In a move that may create difficulties for students, the administration at La Salle has decided to make a number of changes in class schedules during the 2009-2010 academic year.
Responding to budgetary problems during the ongoing recession, the number of course sections offered by each department will be curtailed, the class size caps for many sections will be increased, and more classes will be scheduled outside of so-called ‘prime-time’ slots.
As the school’s budget woes have grown, it has sought to reduce payroll costs by eliminating adjunct professors and replacing them with full-time faculty. Since many basic courses, those assigned a number at the 100 level, have been taught by adjuncts, those classes will be assumed by full-time professors. This shift has resulted in a reduction in the number of higher-level courses offered.
Caps on class sizes have been raised to account for the smaller number of sections being offered in both basic and upper-level courses. Caps vary by class, and some have been increased nearly 50 percent. The number of sections cut in each department varies also, with estimates ranging from 15 to 20 percent.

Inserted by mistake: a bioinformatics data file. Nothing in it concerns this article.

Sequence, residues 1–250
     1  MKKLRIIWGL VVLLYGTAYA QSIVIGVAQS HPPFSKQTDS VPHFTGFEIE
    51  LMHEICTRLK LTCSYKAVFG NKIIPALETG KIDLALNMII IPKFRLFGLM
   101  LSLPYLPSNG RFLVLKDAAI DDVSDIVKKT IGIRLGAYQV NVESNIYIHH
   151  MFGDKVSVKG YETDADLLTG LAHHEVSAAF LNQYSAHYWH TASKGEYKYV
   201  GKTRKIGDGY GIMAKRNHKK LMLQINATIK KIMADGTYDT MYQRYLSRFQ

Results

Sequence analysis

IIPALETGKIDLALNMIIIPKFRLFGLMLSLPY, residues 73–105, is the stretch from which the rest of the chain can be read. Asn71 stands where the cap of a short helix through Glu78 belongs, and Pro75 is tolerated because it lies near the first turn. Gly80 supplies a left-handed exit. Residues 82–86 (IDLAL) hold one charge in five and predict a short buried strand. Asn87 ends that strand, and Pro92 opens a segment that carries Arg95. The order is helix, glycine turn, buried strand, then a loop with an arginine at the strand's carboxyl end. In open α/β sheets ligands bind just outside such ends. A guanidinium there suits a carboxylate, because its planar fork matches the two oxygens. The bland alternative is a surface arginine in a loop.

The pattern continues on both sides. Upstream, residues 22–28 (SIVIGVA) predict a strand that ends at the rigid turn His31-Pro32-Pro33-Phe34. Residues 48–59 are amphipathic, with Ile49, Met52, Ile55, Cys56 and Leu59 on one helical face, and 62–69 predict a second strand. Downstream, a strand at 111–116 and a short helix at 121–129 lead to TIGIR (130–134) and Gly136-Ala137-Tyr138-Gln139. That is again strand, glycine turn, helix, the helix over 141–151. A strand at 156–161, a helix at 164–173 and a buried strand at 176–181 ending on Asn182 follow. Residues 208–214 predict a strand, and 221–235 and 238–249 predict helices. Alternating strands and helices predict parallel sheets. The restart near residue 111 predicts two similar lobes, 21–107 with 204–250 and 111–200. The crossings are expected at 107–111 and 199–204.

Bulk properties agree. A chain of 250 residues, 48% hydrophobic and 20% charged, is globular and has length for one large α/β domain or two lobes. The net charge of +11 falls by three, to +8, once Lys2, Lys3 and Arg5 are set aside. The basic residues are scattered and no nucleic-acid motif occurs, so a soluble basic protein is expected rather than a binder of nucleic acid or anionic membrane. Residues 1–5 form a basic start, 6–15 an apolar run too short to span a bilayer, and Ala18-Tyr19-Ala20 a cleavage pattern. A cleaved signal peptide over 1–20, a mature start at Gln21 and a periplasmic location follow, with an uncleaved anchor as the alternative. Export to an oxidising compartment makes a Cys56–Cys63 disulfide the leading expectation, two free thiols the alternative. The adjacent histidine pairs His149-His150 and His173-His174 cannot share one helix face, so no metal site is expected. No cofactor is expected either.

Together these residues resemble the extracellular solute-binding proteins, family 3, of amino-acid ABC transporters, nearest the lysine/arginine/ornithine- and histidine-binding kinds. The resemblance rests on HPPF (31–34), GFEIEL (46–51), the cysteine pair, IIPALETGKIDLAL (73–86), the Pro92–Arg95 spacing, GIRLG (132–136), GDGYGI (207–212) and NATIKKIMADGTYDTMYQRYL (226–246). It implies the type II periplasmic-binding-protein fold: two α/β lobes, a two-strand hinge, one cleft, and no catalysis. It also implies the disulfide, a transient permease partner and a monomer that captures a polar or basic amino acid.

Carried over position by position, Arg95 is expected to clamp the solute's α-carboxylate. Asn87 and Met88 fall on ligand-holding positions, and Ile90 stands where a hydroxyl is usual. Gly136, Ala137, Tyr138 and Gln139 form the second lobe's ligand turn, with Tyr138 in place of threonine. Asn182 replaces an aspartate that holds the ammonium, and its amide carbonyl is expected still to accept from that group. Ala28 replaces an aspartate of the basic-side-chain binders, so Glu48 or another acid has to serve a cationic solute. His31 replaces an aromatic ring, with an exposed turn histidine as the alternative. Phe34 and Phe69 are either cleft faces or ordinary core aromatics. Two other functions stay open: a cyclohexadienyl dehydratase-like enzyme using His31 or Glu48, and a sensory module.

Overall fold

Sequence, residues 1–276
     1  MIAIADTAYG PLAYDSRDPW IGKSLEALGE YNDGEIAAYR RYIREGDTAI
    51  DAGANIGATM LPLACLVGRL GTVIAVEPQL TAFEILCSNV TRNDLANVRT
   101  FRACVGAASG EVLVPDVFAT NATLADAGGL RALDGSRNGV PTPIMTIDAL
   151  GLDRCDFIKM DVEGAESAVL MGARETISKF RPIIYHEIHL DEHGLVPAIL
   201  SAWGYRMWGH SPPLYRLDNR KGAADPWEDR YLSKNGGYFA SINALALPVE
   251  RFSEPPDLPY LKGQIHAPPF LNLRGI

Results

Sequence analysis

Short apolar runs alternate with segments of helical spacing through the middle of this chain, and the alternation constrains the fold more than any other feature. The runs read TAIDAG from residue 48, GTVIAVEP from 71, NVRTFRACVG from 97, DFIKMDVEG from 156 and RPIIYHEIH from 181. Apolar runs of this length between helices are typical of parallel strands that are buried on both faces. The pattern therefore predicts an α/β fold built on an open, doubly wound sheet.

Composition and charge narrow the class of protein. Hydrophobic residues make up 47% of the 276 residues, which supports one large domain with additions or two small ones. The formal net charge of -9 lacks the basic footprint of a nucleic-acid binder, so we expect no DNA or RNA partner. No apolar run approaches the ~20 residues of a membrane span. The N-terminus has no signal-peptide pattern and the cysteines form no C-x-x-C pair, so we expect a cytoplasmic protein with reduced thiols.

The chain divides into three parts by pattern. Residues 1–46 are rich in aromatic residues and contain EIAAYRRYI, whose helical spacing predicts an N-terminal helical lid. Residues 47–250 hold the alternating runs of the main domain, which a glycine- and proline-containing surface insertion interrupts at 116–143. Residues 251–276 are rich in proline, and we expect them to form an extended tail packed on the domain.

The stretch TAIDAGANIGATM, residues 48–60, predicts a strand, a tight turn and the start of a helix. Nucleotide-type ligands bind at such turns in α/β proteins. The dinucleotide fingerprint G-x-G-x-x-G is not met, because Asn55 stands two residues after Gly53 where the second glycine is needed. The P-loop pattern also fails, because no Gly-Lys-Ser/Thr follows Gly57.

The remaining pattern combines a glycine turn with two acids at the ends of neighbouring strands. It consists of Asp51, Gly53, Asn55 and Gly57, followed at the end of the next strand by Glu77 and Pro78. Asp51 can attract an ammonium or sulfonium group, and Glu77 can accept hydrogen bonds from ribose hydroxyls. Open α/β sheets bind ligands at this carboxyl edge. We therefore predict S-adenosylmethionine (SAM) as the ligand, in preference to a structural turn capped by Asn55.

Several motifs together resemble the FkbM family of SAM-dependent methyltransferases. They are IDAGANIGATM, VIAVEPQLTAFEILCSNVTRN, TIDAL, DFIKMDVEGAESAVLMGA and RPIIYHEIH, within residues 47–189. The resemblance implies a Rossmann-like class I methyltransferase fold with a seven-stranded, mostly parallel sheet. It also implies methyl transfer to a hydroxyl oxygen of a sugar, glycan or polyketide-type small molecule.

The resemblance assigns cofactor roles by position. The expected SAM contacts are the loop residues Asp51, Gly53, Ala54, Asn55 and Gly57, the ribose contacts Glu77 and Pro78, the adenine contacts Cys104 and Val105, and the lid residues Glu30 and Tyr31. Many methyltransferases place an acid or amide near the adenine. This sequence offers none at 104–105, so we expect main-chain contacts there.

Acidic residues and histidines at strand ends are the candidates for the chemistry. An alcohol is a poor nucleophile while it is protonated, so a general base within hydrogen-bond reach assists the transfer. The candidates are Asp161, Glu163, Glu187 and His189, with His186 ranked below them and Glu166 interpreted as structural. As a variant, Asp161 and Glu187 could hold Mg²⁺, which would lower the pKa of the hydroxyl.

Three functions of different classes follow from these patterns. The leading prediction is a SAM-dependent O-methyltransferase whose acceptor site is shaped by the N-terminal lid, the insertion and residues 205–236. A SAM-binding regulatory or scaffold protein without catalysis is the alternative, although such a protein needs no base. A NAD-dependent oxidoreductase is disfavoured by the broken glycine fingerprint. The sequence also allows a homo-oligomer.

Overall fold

The measures represent a greater degree of intervention by the Provost’s Office than in previous years. In the past, department chairs have drafted schedules and submitted them to the provost for approval, but this year the provost has determined when courses will be scheduled and placed restrictions on how many courses above the 100 level will be offered.
In particular, the provost has required that more classes be offered at 8 a.m. and after 3:00 p.m. in an effort to prevent schedule conflicts between important courses. In the past, some students have been forced to choose between required courses scheduled to meet simultaneously.
At the same time, the changes may prove to be a hardship on some students. The upper-level courses that will see the sharpest reduction in sections offered include required courses for all majors. With these restrictions, departments will be hard-pressed to offer those required courses often enough, with potentially dire consequences for students.
“Quite frankly, I’m worried if this is the wrong decision, we may have some people not being able to graduate,” said Kevin Harty, chair of the English Department.
He expressed his concerns about conflicts students might face, even with the courses spread out farther across the day. He pointed out that required courses may still conflict with equally important commitments in other departments.
Michael R. Dillon, chair of the Political Science Department, was more optimistic but also foresaw some difficulties.
“My sense is that everyone is trying to accomplish something that is best for the students,” he said. “What the ripple effects may be, I don’t know.”